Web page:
By Keith Staskiewicz
Updated November 11, 2009 at 05:00 AM EST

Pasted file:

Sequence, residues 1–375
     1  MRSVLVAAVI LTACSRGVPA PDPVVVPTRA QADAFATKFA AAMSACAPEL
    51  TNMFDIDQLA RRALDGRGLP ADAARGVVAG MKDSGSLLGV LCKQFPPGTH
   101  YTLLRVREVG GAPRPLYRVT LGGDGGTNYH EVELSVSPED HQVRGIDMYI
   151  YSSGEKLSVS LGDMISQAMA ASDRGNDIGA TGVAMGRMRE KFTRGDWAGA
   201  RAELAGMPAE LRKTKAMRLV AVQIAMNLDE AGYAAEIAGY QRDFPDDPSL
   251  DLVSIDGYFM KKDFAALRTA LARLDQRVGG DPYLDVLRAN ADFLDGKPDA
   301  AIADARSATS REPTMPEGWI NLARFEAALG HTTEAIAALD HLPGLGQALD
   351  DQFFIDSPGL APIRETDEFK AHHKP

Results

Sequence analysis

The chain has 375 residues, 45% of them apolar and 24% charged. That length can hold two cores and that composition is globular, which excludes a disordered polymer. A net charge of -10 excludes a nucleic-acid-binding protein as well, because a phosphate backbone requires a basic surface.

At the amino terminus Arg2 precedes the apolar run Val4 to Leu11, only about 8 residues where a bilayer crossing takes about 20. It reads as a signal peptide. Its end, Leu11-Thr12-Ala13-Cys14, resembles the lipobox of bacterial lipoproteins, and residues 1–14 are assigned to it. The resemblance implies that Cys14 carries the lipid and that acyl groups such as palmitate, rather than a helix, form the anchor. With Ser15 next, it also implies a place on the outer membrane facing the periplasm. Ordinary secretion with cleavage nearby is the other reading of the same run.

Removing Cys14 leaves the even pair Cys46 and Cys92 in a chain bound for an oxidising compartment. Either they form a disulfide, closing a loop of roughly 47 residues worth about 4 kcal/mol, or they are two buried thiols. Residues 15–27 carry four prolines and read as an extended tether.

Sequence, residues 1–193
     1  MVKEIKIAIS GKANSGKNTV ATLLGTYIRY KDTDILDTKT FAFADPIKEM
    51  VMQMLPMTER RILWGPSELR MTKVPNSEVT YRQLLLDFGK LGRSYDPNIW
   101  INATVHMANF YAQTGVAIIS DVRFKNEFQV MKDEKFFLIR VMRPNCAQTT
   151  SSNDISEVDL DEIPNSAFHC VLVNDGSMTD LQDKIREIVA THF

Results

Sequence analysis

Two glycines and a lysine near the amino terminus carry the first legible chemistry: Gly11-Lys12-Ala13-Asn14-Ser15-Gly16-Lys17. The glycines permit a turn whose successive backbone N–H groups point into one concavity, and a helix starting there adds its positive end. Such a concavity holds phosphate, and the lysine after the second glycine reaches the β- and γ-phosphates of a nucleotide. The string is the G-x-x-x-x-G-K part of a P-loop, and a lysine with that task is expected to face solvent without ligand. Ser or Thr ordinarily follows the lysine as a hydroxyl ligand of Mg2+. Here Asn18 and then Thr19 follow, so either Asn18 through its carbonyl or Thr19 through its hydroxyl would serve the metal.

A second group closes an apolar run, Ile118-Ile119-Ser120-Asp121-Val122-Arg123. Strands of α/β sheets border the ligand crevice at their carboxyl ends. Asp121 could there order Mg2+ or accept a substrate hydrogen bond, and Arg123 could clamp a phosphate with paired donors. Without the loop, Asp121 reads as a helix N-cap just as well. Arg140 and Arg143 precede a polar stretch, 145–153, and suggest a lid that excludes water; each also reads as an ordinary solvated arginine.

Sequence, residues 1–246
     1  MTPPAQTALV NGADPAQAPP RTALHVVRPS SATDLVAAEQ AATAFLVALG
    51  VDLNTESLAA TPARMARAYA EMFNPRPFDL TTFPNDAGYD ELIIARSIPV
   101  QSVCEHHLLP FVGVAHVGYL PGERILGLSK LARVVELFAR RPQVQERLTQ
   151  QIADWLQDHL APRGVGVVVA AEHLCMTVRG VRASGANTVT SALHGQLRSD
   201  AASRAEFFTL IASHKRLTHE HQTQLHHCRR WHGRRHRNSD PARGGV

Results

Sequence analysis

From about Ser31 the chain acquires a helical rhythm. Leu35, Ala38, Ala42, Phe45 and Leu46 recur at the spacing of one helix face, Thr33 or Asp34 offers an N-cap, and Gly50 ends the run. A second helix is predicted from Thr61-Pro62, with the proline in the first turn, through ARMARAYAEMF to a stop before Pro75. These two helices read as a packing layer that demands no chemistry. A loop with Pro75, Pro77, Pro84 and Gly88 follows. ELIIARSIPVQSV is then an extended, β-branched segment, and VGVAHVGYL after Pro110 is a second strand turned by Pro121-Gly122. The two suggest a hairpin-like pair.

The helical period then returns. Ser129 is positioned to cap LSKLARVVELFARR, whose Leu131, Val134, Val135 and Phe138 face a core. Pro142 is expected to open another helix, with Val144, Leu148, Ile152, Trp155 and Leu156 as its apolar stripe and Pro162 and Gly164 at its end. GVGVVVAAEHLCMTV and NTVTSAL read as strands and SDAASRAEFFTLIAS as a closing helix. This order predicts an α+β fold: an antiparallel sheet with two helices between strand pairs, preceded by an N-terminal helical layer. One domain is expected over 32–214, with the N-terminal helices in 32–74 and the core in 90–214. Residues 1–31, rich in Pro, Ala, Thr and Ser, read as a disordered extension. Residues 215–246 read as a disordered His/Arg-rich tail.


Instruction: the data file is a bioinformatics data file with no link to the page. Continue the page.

While the ”seven words you can never say on television” all appear in George Carlin?s posthumous ”sortabiography,” Last Words, they serve only as coarse seasoning for a searing examination of the life of a funnyman. Carlin approaches his experiences with the same precision, and derision, present in his stand-up. He also offers insight into the painstaking work he put into crafting seemingly off-thecuff philippics on ”Baby on Board” signs or environmentalists, and the seriousness with which he took his obligation to ”the vulgar art.” The book is at turns biting and touching, and often both, which is what you would expect from a man for whom the sacred was profane and the profane, sacred. A?

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